Back in the days of the iron curtain, the East Germans had department stores and they were ‘open’
Open in the sense that the doors were open, but not open in the sense they could discharge their raison d’etre, namely supplying goods people wanted to buy with hard currency. This was not entirely their fault. The East-Mark was a joke currency and whilst people would go in and buy anything that was for sale, it was simply a case of get it whilst it was available, because the supply chain wasn’t exactly efficient either.
Now what has this jaunt down memory lane got to do with contemporary events you ask? Well the media has been reporting that the Cypriot banks are now open. Of course you can’t draw out vey much or cash cheques and quite how the import supply chain is going to work seems to have been missed by everyone*
But what really got my spidey-senses tingling was a talking head on the TV this morning explaining that this was the best possible outcome for Cyprus. Now setting aside the normalcy bias this seemed an astonishing statement. Talking-head explained that if Cyprus left the Euro, their currency might depreciate by more than 40% and really the government was helping its hapless populace (sic). You see, they aren’t criminal looting scum, they are helping. Not Orwellian at all.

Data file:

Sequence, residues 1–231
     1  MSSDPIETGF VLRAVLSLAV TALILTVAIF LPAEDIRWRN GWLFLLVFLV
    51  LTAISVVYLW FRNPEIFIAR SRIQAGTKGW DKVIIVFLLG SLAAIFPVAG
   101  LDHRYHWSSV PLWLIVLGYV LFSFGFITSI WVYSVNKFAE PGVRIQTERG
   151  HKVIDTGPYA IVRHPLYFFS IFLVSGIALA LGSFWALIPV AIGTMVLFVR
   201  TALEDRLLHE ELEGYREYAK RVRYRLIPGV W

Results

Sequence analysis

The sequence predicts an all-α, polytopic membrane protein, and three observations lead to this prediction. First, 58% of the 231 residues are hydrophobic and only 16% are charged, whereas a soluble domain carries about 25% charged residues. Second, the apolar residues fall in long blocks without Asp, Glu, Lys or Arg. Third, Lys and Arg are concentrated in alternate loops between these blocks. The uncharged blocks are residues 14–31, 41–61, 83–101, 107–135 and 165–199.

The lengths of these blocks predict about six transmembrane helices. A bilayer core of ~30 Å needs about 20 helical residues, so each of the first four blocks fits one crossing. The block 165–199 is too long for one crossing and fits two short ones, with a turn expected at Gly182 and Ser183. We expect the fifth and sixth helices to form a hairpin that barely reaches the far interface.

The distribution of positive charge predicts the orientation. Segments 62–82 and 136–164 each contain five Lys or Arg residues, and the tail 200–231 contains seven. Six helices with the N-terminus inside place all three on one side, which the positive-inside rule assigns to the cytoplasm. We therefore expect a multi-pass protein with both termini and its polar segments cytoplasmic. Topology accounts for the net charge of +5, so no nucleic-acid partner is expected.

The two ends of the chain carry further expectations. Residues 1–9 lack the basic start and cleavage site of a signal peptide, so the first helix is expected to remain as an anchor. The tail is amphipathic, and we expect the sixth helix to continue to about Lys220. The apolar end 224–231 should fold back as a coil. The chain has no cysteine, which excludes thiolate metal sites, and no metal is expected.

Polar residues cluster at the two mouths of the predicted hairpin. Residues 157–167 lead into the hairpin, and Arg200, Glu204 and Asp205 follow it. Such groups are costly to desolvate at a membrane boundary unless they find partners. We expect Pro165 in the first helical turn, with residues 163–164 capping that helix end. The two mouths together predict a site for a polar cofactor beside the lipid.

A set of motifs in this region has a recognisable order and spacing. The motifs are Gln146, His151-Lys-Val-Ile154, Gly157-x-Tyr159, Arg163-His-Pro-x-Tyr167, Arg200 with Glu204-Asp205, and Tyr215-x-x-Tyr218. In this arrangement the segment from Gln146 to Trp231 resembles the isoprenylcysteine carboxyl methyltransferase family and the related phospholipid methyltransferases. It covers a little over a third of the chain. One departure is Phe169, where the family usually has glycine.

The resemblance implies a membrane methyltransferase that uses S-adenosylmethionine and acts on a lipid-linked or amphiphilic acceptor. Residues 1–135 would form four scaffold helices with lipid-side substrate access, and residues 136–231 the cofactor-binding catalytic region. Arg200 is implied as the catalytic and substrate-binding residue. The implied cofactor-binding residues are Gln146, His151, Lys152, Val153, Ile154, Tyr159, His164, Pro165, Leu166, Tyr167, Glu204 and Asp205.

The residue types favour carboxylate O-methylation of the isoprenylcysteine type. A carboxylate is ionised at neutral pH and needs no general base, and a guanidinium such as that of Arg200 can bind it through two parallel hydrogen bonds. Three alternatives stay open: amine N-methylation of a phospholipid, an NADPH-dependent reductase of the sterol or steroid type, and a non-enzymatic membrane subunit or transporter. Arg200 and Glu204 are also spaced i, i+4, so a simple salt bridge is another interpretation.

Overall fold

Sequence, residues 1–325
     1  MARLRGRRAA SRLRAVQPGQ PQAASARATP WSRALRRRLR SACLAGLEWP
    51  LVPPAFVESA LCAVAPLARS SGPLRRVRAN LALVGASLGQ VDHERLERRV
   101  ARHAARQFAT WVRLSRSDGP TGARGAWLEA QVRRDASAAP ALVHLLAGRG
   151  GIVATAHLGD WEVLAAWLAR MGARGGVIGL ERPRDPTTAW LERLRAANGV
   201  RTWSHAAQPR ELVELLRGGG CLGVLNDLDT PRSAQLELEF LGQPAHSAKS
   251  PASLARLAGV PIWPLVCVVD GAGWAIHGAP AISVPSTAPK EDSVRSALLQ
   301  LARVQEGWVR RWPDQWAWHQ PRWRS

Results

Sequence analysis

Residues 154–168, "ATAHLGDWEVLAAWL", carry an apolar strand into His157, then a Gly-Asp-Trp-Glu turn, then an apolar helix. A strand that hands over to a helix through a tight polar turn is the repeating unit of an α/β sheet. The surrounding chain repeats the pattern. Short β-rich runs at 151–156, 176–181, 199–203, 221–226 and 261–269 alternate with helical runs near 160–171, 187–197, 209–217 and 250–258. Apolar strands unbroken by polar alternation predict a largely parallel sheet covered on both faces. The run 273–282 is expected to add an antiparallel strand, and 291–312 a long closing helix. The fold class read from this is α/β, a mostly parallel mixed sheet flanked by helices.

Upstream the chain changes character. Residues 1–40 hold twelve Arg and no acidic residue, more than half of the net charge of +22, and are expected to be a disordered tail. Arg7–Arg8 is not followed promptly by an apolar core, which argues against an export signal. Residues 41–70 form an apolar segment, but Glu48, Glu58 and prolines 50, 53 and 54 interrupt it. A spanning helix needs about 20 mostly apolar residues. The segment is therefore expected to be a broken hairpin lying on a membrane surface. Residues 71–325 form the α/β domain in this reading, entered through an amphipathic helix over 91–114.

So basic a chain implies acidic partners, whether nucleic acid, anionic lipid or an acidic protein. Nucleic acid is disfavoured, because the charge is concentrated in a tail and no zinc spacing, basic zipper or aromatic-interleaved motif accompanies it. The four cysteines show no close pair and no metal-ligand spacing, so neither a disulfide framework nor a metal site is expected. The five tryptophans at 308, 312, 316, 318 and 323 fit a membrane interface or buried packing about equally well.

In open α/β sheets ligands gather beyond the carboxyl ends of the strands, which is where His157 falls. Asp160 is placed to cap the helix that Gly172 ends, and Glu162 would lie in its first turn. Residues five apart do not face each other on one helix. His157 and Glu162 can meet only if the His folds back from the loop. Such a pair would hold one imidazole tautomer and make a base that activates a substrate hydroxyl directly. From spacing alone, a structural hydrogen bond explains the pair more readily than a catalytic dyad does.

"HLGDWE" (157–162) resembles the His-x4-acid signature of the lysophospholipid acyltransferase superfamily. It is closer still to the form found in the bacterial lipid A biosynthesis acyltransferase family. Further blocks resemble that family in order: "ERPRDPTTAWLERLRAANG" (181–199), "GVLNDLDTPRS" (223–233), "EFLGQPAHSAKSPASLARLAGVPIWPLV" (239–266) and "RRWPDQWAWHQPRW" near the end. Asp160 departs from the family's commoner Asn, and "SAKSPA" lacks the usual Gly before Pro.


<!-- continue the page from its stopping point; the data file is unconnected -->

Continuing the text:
So let’s set aside that their banking system will now die. The currency controls aren’t worth a damn because it will just mean a slow death not a fast one. It may allow breathing space for some kind of re-capitalisation, but no-one wants to do that; that’s what started this whole farce in the first place. Let’s set aside that devoid of 40% of their cash, large numbers of businesses will clearly go bust then watch unemployment zoom (and then watch it get ugly). Let’s also set aside that the tourist industry (which I guess is their second biggest industry) will be decimated. Would you go there as a cash rich foreigner? You may as well paint a bulls-eye on your back. Let’s set aside that any kind of major purchases (cars, houses, holidays) are now more or less impossible without government permission (so bye-bye property rights) and this thieving is the kind of nonsense we expect to see in South America.
None of that matters because a new Cypriot pound might depreciate against the Euro by more than 40% so this is the best option ~ apparently. Well of course, it might well depreciate but then, imagine what a weak currency might do for the tourist industry. Perhaps not looting savers in the first place would have protected the existing banks. Even if they went bust (but were not looted) others could set-up, and in a few years the currency might recover. Currency fluctuations are temporary, looting is for life. But no, this is the best option, because the telly-box says so.
* If you can’t take money out of Cyprus, how can you import stuff?